Here was an example of a fine line that I struggle with in teaching a child to be “entitled”, as opposed to “empowered”. Think about what we are saying to students when we ask for money through “GoFundMe” or something similar for our classrooms or ask for others to retweet something so that our class can win a competition?  This borders on modeling entitlement. “Give me something because I’ve asked for it.” Now if you have ever asked for money for your classroom to give your students opportunities that may not exist without that funding, I can fully understand why you would do that.  Every great teacher wants to provide every opportunity they can for their students. But as I had written before, what if we created something of value to earn that money?  If we asked students, “What would you create to earn this money? What rate would you sell the product or service? How would you get the word out to others?”  This is quite hard work, but what if you earned furniture through this process? There is ownership over the creation process while entrepreneurial skills are developed. Empowering students means teaching them that they are going to create their own future, not that someone will do it for them.

I have tried to distinguish examples of “compliance, engagement, and empowerment” previously:

This does not mean that “compliance” is never necessary (think submitting taxes). It also doesn’t mean that “engagement” is now irrelevant.  It is just about pushing further into our world today.  I always say that you can be engaged without being empowered, but if you are empowered, you are definitely engaged.  Those that are empowered create the(ir) future and do not sit back and wait for it to happen to (for) them.

Categories: Planet

Only Schools Can End Schools

14 November, 2017 - 22:17

The image below  has been circling online and is attributed to Alberto Brea:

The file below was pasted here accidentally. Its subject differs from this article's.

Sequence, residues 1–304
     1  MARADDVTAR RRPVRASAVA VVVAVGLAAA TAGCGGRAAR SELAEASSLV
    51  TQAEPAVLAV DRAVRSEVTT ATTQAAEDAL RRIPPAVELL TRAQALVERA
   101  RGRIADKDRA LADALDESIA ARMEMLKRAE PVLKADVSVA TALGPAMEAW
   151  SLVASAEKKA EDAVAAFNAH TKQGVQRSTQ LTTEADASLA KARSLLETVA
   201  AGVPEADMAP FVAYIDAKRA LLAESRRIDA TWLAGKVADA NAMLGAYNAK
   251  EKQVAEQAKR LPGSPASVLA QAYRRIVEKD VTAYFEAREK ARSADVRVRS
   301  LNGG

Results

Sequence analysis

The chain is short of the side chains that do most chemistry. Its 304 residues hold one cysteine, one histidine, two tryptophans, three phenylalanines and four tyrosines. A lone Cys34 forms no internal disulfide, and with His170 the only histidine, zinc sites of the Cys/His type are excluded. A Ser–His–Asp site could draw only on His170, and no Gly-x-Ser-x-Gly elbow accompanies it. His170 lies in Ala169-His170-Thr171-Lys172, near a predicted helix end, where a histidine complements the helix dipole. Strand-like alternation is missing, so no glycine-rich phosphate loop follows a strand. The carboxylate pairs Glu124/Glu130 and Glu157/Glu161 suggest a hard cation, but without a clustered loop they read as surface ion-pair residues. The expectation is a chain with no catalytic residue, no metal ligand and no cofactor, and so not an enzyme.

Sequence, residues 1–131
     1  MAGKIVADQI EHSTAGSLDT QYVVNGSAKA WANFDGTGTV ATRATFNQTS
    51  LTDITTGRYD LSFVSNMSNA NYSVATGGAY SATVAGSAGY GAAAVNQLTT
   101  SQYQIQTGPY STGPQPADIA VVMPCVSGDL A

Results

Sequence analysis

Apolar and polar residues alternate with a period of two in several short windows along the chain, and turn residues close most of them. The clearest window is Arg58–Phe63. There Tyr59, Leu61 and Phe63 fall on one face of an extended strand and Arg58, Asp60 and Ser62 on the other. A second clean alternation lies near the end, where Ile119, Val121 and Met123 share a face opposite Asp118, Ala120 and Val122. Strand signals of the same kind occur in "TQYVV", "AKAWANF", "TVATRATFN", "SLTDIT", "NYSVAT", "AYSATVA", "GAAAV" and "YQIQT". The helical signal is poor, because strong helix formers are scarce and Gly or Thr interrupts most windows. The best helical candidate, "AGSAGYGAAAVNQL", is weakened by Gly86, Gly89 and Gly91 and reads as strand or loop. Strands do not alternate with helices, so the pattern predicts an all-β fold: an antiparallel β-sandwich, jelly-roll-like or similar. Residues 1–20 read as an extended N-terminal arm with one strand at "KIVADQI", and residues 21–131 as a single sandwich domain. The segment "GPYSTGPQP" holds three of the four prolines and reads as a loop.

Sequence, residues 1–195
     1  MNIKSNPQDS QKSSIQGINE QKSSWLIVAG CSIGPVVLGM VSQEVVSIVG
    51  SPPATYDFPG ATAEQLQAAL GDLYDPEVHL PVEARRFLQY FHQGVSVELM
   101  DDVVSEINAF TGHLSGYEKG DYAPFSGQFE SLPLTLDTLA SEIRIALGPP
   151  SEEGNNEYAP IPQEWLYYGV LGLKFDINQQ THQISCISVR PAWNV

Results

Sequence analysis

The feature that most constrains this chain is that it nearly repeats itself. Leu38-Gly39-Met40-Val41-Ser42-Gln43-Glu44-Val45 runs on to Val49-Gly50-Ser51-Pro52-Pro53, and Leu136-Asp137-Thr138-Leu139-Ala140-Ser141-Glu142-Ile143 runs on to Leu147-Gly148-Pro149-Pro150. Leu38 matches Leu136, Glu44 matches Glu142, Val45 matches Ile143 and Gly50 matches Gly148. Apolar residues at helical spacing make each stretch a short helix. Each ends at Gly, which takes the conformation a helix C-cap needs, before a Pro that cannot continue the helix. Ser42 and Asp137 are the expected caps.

The simple line that is missing from the picture is this; Blockbuster killed Blockbuster.  In reality, they had everything they needed to continue to succeed as well as advantages over competitors. They were the most well known, had stores all over the world, and a history of success.  It was more of a refusal of Blockbuster to move forward than it was a willingness for a different company to do something different, and more importantly, better.

I am not a fan of the “school is broken” narrative.  The people who need to hear it, don’t, and the people that it is often targeted toward, are the ones working their butts off to make amazing things happen for kids on a continuous basis.  There are lots of things about current schools that I love, that are not necessarily new, but are the norm when I went to school as a student.  Schools get way too little credit for what they do right, and often, when they are doing great things, the focus immediately shifts to find the weaknesses.

Want proof?

Check out the title of this post in the Toronto Sun from 2014; “Literacy rates up but students still struggling with math.” The bulk of the article is not about literacy, but about math.  The constant game of education whack-a-mole.

This doesn’t mean schools can’t get better, as is the case of every organization.  It also doesn’t ignore the fact that any organization is immune to being “disrupted.”  If you remember when Khan Academy first came out, many educators were extremely nervous that this would replace schools and were sick of that narrative.  Although many in education use Khan Academy as a useful supplement, the reason it didn’t replace schools wasn’t necessarily because schools changed their practices significantly, but in reality, Khan Academy could not succeed the importance of a teacher in a classroom. It is the relationships that separates schools, not the content.

The reason I love the image shared in this post is because it is a reminder that schools hold their fates in their own hands until they don’t.  That will always be up to the people in the organizations making these things happen. But as my friend, Dwight Carter always reminds me and others, “Make it a great day…or not. The choice is yours.”

I am not worried about some major disruption happening to schools because I see so many educators and organizations creating their own change, not waiting for someone to do it to or for them.  They are also doing it within constraints and in the constant face of adversity. That is what makes educators amazing. But we can just never become complacent with “what was” or we could lose our opportunity at “what could have been.” Educators have more control of the future of schools than any outside source will.

Continue to create that meaningful change. Your students and your communities might not thank you as much as is deserved, but your impact will always be significant.

Categories: Planet

Times Change, Time Frames Stay the Same

12 November, 2017 - 22:30

As it does seemingly every year, an article came up about teaching cursive in schools.  I recently tweeted this post out:

Reading this article from 2017 – Do we need to teach children joined-up handwriting? https://t.co/i68gumEU5v

— George Couros (@gcouros) November 11, 2017